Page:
Solving the climate crisis is the greatest challenge that Homo sapiens face. Further reckless exploration of fossil fuels will destroy what little life we have left on Earth
Dear Barbara Creecy, I am so pleased that someone with your qualifications and experience in government was, in May, appointed to the position of minister of environment, forestry and fisheries, which is, in my view, one of the most crucial positions in our overburdened country.
This is, indeed, an extremely taxing responsibility where so many issues require your urgent attention in our beautiful country, not least of these being the global climate crisis.
One of the most amazingly reckless initiatives is the continued granting of “fracking” rights to various oil and gas companies to explore for and extract shale gas, which could result in irreparable environmental devastation in the KwaZulu-Natal midlands, the aeons-old Karoo and other areas.
This unjustifiable irresponsibility flies in the face the 2015 UN Framework Convention on Climate Change, which called for greenhouse gas emissions to be dealt with by reducing carbon output to ensure the worldwide rise in temperatures stays below 2°C.
Signed by 180 countries, including South Africa and the US, this agreement obligates the participating countries to immediately move away from their reliance on fossil fuels and research the alternatives of renewable energy.
Unfortunately, there is little evidence that South Africa is implementing the Paris Climate Accord – a clear reneging on our commitment.
Fracking is opposed by numerous civil rights and environmental groups because of its ruthless degradation of the environment, despite the glib assurances of clean fuel from those few who stand to benefit financially.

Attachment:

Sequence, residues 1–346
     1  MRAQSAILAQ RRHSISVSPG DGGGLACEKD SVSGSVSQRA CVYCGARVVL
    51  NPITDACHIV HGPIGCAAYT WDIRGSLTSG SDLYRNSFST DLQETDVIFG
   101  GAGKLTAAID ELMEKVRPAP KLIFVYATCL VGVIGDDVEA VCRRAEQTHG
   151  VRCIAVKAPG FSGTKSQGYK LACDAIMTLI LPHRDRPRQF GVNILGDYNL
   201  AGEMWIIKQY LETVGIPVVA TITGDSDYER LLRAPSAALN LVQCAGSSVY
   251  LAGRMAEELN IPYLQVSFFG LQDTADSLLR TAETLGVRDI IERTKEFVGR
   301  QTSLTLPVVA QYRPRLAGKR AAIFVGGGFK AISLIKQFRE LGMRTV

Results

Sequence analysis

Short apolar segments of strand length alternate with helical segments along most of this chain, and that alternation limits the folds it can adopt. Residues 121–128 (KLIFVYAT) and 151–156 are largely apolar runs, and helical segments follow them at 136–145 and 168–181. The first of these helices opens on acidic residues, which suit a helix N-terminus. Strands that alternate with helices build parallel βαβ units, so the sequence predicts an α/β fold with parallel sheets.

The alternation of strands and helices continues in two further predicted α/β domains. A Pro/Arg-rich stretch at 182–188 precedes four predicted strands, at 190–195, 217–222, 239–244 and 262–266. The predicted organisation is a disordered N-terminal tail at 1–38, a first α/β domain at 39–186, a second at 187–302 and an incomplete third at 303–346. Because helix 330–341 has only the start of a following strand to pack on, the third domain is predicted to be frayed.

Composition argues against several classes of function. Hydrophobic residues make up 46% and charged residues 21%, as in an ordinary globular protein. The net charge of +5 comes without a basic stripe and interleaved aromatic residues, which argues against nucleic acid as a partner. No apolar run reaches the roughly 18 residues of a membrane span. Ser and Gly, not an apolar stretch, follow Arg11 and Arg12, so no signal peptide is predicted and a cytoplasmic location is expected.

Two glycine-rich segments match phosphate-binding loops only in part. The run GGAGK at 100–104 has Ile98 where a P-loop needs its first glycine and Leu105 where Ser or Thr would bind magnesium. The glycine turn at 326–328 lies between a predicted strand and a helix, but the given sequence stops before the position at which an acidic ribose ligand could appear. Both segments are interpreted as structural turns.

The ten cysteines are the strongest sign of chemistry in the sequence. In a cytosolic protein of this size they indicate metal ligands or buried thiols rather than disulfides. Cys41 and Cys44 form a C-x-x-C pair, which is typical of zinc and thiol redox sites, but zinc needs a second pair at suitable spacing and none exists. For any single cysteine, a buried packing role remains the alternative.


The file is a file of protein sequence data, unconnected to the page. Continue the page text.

Fracking leads to the toxic release of xylene, arsenic, toluene and methane, causing innumerable physical ailments, not to mention the squandering of thousands of litres of water – that scarce, priceless resource.
There will be contamination of the air and groundwater, farmland will be poisoned, as will wild animals and plants.
All this is arrogantly dismissed by the perpetrators of this self-destructive, suicidal scenario as they continue to plunder some of the most pristine areas of our planet.
The time to explore for new sources of fossil fuel is long over. Our moral duty is to protect the Earth from further and preventable desecration.
Your department must be congratulated on its proclamation in October last year of 20 marine protected areas in the Indian and Atlantic oceans to protect our fragile coastal and deep-water ecosystems from overfishing and the ravages of the climate crisis.
These will require diligent policing.
It should also involve the banning of the sale of single-use plastic shopping packets – a simple move that will force all shoppers to make use of reusable bags – and there should be incentives to recycle plastic bottles.
This must be promulgated urgently to save ocean inhabitants from the increasingly toxic effects of plastic.
Wildlife trafficking is another abusive environmental problem.
Wildlife poaching and trading of animal parts, such as rhino horns, elephant tusks and pangolin scales, must be rigorously legislated against, with no loopholes allowed.
The exploitation of, and violence against, animals is inextricably linked to human trafficking syndicates that, motivated by obscene economic greed, reduce all living creatures (including women and children) to merchandise that will be sold for the highest price.